Any natural person, legal person or other organization that needs to obtain the exclusive right to use a trade mark for its goods or services during production and business operations shall apply for trade mark registration with the trade mark office. 
Wuhan Zhongjun argued that:
  • There was no limitation in law on the numbers of trade mark applications that an enterprise could file;
  • Their trade mark assignments were normal business activity in full compliance with the Chinese Trademark Law;
  • The Chinese Trademark Law allowed the 3-year “preparation period” prior to the actual use of the trade mark (Article 49, Section 2). 
With regard to such claims, the SPC accepted that Chinese Trademark Law would pose limitations to neither the amount of trade mark applications nor lawful trade mark assignments. Yet both shall be based on the needs of the enterprise’s normal production and operating activities. The “3-year preparation period”, or “no genuine use in 3 consecutive years without a justiciable reason leads to the revocation of the registered trade mark” was enacted with the legislative intention to promote the genuine use of trade marks and maximize the real value of trade marks. In addition, Wuhan Zhongjun failed to prove the proper reasons for non-use as well.

The SPC also found that Wuhan Zhongjun’s actions did not only disturb the orderliness of trade mark registration, but also misappropriated public resources, undermined fair competition in the market, and were contrary to good faith. Therefore, the registration of the disputed trade mark fell within the scope of “other illegitimate means” prohibited in Article 44, Section 1 of the Chinese Trademark Law. The SPC therefore rejected the retrial petition filed by Wuhan Zhongjun.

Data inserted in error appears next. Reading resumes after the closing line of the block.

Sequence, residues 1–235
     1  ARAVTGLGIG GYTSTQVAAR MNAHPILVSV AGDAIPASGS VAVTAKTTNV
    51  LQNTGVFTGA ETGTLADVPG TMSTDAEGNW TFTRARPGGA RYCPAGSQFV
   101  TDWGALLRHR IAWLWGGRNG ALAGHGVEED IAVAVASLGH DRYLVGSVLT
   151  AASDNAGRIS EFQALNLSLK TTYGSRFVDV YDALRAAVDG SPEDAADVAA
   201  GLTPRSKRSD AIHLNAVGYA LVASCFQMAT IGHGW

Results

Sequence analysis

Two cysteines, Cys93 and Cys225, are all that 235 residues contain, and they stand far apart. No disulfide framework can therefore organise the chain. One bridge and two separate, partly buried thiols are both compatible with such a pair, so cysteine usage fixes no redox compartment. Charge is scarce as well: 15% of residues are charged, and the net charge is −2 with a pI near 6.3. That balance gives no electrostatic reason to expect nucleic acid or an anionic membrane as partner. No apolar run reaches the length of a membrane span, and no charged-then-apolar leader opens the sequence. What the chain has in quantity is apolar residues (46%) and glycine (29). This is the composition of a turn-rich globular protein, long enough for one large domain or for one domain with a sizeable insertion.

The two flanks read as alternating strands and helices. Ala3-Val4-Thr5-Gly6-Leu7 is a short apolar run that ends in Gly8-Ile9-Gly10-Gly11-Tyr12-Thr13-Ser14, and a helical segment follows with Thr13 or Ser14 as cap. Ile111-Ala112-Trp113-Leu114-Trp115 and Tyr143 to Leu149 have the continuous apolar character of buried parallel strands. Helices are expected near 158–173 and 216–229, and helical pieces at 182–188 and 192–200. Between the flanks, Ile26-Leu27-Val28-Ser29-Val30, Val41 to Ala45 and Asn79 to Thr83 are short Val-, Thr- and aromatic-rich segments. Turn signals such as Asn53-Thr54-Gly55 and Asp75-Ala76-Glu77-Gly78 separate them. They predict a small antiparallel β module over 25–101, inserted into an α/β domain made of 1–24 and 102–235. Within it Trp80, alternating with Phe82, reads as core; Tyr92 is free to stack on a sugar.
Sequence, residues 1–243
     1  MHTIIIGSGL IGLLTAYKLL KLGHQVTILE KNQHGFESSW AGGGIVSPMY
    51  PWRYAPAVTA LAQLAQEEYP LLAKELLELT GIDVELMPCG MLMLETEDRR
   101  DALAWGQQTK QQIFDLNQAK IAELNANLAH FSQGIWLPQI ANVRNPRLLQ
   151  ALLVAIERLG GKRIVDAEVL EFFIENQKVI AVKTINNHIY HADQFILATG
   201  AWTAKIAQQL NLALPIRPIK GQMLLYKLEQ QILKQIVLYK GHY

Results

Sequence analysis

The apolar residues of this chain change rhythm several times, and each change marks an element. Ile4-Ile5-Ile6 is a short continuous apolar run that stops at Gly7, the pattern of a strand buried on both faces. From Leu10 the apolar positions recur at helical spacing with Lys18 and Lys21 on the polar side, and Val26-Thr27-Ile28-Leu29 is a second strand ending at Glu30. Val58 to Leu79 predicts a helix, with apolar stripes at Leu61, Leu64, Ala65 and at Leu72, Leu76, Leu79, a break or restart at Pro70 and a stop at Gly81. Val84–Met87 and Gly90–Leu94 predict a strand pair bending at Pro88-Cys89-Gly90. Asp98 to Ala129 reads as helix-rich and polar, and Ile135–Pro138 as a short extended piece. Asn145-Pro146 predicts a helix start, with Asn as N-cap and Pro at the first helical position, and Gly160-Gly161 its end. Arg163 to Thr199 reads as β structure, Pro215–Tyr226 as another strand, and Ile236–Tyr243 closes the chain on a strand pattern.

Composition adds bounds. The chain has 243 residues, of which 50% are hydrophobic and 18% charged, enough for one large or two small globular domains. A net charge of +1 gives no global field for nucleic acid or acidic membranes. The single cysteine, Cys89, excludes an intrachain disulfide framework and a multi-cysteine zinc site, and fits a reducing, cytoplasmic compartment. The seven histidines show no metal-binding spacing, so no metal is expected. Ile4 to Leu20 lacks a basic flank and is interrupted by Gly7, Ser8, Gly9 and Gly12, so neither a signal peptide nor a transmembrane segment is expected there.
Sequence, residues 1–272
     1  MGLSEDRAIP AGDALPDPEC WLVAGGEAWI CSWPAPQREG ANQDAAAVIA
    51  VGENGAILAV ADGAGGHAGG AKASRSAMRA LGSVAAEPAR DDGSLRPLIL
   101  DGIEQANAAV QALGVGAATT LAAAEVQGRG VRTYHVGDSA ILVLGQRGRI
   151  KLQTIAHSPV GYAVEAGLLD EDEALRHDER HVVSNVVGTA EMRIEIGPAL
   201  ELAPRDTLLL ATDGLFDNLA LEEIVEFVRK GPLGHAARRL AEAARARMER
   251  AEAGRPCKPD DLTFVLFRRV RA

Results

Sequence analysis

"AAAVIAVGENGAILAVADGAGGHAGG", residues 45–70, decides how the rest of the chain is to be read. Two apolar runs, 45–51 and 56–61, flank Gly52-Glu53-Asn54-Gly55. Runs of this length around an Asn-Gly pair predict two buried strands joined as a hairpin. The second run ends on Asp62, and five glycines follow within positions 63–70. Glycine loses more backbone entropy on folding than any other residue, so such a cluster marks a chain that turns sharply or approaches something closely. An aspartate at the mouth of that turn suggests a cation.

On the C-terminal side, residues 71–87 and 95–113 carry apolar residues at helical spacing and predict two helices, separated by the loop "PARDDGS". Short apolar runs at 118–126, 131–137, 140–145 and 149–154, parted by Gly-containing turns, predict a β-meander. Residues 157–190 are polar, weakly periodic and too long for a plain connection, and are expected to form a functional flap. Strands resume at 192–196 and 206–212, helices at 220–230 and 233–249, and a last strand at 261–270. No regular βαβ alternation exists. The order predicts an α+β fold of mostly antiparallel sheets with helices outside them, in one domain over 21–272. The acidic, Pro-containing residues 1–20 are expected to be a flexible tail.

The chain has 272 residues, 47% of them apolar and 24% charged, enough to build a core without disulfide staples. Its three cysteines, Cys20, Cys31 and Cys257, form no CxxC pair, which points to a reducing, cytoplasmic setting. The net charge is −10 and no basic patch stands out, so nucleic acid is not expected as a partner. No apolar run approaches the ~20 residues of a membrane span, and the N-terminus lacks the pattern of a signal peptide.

Comment

In recent years, the volume of trade mark applications in China has continued to grow (by 20%-30% each year). An explosive growth happened in 2017 when the number of applications hit 5.748 million with the year-on-year growth of 55.7%. Among these there is a considerable amount of malicious or “grey” applications filed not for use but purely for hoarding and waiting for the right price to sell. 

Generally speaking, China’s trade mark law adopts the first-to-file principle, yet it does not explicitly stipulate the regulatory measures to adopt against malicious applications. It is submitted that there are several rather abstract or principled provisions that might be referred to as the legal basis for regulating malicious applications, e.g., Article 44, Section 1 of the Chinese Trademark Law (on registration obtained by fraudulent or other illegitimate means), Article 7 of the Chinese Trademark Law and also of the General Provisions of the Civil Law of China (on the principle of good faith), and Article 2, Section 1 of the Anti-Unfair Competition Law of China (on equality, fairness and good faith principles).

This time, the SPC sent out a clear and necessary message of its disapproval attitude towards the bad faith trade mark applications, and provided a good lesson for future cases. Together with the efforts made together with, for instance, the Trademark Office and its big data analysis technology, we might be able to expect much more positive and effective changes happening in the near future to better cope with malicious trade mark hoardings in China.


Photo courtesy: Hosico_猫
Chinese Supreme Court: hoarding trade marks in bad faith falls within scope of “illegitimate means” Chinese Supreme Court: hoarding trade marks in bad faith falls within scope of “illegitimate means” Reviewed by Tian Lu on Monday, October 29, 2018 Rating: 5